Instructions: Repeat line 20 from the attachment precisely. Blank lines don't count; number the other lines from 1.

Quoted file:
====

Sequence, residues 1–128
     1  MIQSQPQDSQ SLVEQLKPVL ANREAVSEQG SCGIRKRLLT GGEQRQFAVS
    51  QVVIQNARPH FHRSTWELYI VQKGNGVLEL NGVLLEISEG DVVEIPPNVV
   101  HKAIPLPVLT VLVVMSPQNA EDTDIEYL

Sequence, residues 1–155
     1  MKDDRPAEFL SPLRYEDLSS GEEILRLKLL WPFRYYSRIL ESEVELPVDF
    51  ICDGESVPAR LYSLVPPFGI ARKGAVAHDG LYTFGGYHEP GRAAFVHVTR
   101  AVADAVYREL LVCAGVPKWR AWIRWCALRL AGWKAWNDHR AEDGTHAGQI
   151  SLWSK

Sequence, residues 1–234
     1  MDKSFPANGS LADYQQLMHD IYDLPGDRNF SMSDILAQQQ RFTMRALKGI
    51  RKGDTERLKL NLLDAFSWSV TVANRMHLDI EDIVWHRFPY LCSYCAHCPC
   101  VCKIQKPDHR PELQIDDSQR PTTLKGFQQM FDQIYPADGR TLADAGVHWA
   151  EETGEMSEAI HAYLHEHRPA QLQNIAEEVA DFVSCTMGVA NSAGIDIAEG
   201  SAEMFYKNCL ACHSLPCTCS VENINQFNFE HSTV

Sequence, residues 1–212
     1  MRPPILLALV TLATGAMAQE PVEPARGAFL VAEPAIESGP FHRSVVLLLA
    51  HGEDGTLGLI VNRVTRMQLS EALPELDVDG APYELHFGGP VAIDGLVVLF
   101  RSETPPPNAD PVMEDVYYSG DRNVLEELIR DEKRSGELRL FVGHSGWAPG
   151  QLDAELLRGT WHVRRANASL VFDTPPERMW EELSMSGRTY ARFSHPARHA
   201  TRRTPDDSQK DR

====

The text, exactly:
   151  QLDAELLRGT WHVRRANASL VFDTPPERMW EELSMSGRTY ARFSHPARHA